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Sunday FTB: Fourth line reinforcements are coming for the Leafs

Abruzzese is coming, and Knies may be right behind.

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Toronto Maple Leafs v Detroit Red Wings Photo by Gregory Shamus/Getty Images

The Leafs aren’t winning 90% of the games they play, and that has us fans angsty. The second line is getting outscored, and the fourth line full of our beloved veterans haven’t been so hot for a long while now.

We’ve been told for a while now that the Leafs have plans to try and revitalize the fourth line, at least — reinforcements coming from some of their top prospects in the NCAA. Specifically, Nick Abruzzese and Matthew Knies. They shed some contracts to make room for two more contracts under their 50 contract cap.

With Harvard being eliminated from the NCAA tournament on Friday, the Leafs made good on the first half of that rumour. They signed Nick Abruzzese to a two year ELC, and are expected to burn the first year by playing him in the NHL this season.

Matthew Knies, on the other hand, helped Minnesota advance to the second round against Western Michigan. They play this afternoon at 4 pm EST. If Minnesota is eliminated, it may be another day or two for Knies to decide if he wants to turn pro after only one season or not. But if they win, that decision will wait another week for the Frozen Four games to be played.

Abruzzese and Knies would make interesting additions to the Leafs, for different reasons. Knies is a high-effort, big, physical, power forward with great transitions, puck protection on the cycle, and a wicked wrister. Abruzzese is a good but not brilliant skater, elusive and shifty, is a good play maker and passer, but his defining skill is one that’s not easy to notice. He is always characterized as having very good instincts, knowing where to be and when to be there. The two worked well together at the Olympics for Team USA, and the Leafs are rumoured to want to try both out to save their fourth line.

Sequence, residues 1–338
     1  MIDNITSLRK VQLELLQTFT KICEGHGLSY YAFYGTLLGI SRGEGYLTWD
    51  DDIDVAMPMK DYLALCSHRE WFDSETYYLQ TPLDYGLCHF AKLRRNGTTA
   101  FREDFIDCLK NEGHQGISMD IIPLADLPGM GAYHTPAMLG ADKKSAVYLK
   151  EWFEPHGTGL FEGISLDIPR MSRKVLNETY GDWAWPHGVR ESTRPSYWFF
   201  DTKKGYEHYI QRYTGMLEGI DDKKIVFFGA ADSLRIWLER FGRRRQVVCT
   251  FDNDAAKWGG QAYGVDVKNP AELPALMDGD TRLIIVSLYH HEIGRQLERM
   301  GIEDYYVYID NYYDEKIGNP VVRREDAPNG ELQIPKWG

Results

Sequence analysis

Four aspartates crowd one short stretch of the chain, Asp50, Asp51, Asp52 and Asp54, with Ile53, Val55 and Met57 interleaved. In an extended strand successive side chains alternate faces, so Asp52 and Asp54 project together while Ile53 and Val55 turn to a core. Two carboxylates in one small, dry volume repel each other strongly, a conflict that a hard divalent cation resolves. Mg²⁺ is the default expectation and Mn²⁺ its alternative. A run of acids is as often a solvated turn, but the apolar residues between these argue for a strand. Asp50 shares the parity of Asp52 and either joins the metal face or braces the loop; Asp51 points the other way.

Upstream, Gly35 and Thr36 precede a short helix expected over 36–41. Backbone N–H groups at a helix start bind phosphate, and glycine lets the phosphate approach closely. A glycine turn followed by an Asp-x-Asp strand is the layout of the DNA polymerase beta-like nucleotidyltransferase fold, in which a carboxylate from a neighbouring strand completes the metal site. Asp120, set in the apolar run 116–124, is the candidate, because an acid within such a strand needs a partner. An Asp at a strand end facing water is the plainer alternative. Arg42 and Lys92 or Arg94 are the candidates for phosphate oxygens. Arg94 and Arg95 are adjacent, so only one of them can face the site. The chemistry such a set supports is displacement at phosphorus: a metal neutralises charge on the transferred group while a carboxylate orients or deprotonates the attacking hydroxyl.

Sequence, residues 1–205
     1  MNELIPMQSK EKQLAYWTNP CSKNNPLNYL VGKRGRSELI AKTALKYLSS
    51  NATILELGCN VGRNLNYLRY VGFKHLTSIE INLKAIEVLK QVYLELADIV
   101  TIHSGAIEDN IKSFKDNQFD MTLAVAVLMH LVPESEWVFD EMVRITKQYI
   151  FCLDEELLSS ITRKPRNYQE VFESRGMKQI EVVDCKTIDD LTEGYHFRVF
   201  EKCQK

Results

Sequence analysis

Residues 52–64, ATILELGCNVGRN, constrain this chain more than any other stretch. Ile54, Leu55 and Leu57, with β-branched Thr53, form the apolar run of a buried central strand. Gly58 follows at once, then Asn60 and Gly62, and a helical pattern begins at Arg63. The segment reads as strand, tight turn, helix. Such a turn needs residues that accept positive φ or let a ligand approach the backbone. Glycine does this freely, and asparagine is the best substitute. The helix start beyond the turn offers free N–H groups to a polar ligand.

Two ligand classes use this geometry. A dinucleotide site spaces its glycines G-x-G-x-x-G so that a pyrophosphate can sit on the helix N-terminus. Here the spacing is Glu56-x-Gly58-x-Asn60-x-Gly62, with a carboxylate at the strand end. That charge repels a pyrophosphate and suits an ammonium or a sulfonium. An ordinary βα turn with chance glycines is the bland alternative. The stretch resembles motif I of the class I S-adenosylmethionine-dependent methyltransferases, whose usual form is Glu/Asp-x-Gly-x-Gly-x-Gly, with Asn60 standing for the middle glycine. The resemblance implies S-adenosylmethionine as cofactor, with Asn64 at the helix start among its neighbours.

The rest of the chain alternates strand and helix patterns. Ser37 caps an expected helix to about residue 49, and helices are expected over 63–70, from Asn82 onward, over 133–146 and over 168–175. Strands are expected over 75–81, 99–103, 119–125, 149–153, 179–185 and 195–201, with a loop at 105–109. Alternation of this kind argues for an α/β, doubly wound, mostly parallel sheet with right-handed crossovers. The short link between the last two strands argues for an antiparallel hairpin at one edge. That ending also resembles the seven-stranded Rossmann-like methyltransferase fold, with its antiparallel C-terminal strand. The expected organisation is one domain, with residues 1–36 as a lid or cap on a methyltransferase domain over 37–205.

The question would be: do they want to try both out on the fourth line together, or one at a time? And then who would be their center? Abruzzese was the 1C for Harvard, but in the Olympics was wisely moved to the wing. I’d say he’s best served to start his NHL career on the wing as well.

Bunting - Matthews - Marner

Blackwell - Tavares - Nylander

Kerfoot - Kampf - Mikheyev

Knies - Engvall - Abruzzese

That’s something I might try. Engvall is big, he’s a good two-way player who can drive play and be defensively responsible, and may be the best option to baby sit for two young rookies. That would also be a pretty big line, and strong skaters even with Abruzzese.

We’ll just have to see!

LEAFS LINKS

Leafs lose to the Canadiens while dominating the play | by Katya and Omar

Quick Shifts: Why the Maple Leafs should bring in Matthew Knies soon | by Sportsnet

How can the Leafs activate Jake Muzzin from LTIR? | by TLN

‘It was emotional’: Travis Dermott opens up on being traded from Leafs and rebuilding his confidence with Canucks | by The Athletic

For those following Leafs’ prospects in their playoffs, we have the following games tomorrow:

Matthew Knies and Mike Koster play at 4 pm ET

Topi Niemelä starts his first round matchup with Kärpät at 9 am ET in the Liiga playoffs.

Roni Hirvonen on HIFK begins his first playoff round at 10 am ET.

MISCELLANEOUS HOCKEY LINKS

Dadonov scores OT winner to complete Golden Knights comeback over Blackhawks | by TSN

Cale Makar sets Avalanche single-season record for goals by a defenseman | by Daily Faceoff

The Washington Capitals picked an... unusual way of honouring Nicklas Backstrom hitting 1000 points in his NHL career. The assist machine feeding Ovechkin for the past 15 or so years saw his home stadium throw a bunch of fake apples on the ice. Get it? Apples?

Here’s a nominee for the “Does the Puck Actually Cross the Line?” category at the annual Academy of Hockey Motion Picture Arts and Sciences Awards.

Australian goal alert!

For anyone like me who raised an eyebrow at this “first player born in Australia to score a goal” stat because you immediately thought about Australian NHLer Nathan Walker, it turns out Walker was actually born in Wales, and he moved to Australia at the age of two, much like how William Nylander is Swedish, but he was actually born in Calgary.

Have a great Sunday everyone! Hope your day is more happy than Mike Smith’s was yesterday.